Golf Rankings explained

How Do The Golf World Rankings Work?

Golf World Rankings – a little bit of history

The first golf world rankings were calculated and published in 1968, but the system had quite a few flaws, and as professional golf became more popular during the late 70’s and into the 80’s it was decided to over-haul the system.

In 1985 the golf world ranking system as we know it today came into being, and apart from the number of points awarded to each tournament (explained in more detail below), the calculations have remained basically the same.

What is the definition of the #1 golfer in the world?

For anyone who’s played golf for even only a little while, you’ll know that the KEY to being a good golfer is consistency.

The golf world rankings reward consistently good results over a two year period with results of the last 13 weeks having a higher influence on a golfers’ world ranking, and points won between weeks 14 and 105 (two years) having less and less influence.

How are the Golf World Rankings actually calculated?

Each professional golf tournament is allocated a number of world golf ranking points. The number of points is based on a number of things including:-

  • Which golf tour the event is being played under. E.g. USPGA Tour, European Tour, Asian Tour etc.
  • How strong the field is.
    Ironically this is based on the golf world rankings!
  • If the event is very important, world ranking points can be won by players finishing all the way down to 60th place. For less important events it could only be the top 6 players that are awarded world ranking points.
  • The four major golf tournaments (the USPGA, the US Open, the US Masters and The Open) are allocated more world ranking points than any other event due to their importance and strength of the field.

Having allocated world ranking points to an event, the players then of course can win points according to where they finish in the event.

So far so good – now for the complicated bit!

The total number of world ranking points is totaled up for each player over the last two years (actually 105 weeks) on a rolling weekly basis – so the rankings are recalculated every week and published on Mondays after the weekends’ tournaments have completed.

This total number of points is then weighted as follows.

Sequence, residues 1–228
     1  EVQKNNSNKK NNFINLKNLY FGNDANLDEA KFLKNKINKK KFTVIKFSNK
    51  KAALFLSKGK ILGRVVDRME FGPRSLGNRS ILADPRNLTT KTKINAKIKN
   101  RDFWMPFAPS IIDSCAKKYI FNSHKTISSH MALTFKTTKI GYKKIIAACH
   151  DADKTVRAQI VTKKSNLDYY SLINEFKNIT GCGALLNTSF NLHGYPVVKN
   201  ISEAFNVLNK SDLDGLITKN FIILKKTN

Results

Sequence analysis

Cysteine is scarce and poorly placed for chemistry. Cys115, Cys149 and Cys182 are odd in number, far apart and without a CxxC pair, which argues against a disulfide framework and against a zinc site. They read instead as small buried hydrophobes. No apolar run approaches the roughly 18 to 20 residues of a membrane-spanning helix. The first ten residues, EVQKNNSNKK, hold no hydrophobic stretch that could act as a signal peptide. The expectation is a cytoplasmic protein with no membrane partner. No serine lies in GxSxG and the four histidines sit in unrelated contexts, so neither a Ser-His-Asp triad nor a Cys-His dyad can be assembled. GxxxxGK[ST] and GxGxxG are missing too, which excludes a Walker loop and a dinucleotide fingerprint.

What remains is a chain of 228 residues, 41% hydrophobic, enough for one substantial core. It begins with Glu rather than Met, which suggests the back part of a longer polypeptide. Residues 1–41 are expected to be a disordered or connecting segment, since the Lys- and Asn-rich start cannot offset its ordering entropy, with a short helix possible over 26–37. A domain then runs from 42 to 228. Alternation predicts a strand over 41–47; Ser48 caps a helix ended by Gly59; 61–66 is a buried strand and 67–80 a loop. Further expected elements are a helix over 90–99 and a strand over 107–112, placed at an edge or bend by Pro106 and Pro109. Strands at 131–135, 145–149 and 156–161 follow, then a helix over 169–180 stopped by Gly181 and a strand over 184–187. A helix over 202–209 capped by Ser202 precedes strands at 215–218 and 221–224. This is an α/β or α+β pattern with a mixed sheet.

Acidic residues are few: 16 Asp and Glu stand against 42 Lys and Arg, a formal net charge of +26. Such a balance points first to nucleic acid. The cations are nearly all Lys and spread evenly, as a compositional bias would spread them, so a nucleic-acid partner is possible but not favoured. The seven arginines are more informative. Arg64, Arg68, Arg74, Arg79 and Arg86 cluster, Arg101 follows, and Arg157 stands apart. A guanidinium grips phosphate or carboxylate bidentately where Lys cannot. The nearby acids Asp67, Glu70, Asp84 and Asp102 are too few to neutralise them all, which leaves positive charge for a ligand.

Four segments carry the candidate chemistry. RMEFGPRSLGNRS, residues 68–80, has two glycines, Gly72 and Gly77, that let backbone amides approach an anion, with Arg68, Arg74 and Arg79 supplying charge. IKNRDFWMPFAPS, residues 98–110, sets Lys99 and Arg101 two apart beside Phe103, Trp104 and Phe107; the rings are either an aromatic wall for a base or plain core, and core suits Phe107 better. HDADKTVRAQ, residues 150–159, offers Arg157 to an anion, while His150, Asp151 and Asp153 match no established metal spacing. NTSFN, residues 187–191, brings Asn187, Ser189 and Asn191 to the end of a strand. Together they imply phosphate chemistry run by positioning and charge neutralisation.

The last 13 weeks are simply added together and not weighted at all – in this respect the golf world rankings are quite clear – they are trying to show who is currently the best golfer in the world.

For weeks 14 to 105 (92 weeks), the points become less and less important and this is where the weighting starts to become a factor.

Without getting too technical, the weighting of points won between week 14 and 105 are reduced by 1/92nd all the way down to 1/92nd for any points won 105 weeks ago.

This total is then divided by 105 to give a weighted number of points won per week over the last two years.

Example of Golf Ranking Calculations

Maybe an example will make it clearer – I certainly hope so!

If you won a tournament last week that was worth 100 points, then that counts as 100 points towards your total won points in the last 105 weeks. So far so good….

If you won a tournament 14 weeks ago worth 100 points, then 91/92 of these 100 points are included – i.e. 98.91.

If you won a tournament 105 weeks ago worth 100 points, only 1/92nd of these points are included – i.e. 1.08 points.

The total points won is then simply divided by 105 and that gives the world ranking points!

Hopefully you can now see why certain long time recognised professional golfers get knocked off the top spot. Not only do they get replaced by players who are playing very consistently, but they themselves start slipping in their results in the more recent weeks and given the weighing of the points, the others soon catch up to them, as the previous results become less and less important in terms of the world rankings.

What must you do to become the best golfer in the world?

  • The better tournaments you play and the higher up the field you finish the better!
  • You need to score a good number of points consistently (week in week out) to rise up the rankings and stay there.
  • A single ‘BIG’ win won’t make you the number one golfer in the world if you aren’t consistent in the other events you play.
  • Tiger Woods’ record of 623 weeks as the number one golfer in the world is simply astonishing. His nearest competitor is Greg Norman with 331 weeks, and even Tom Lehman only managed one week at the top despite a crazy number of big wins in one season – he wasn’t consistent enough to stay there any longer.
  • Lee Westwood’s rise to the top spot in 2010 is amazing considering he hasn’t won a major golf event yet. His consistency in the majors has been very impressive though and this has been a major factor.

There are some additional complexities to the calculations such as tournaments that are reduced to 54 or 36 holes due to bad weather, but I hope this post gives you a good understanding of how the golf world rankings are calculated and what it takes in terms of results to get to the very top of the game!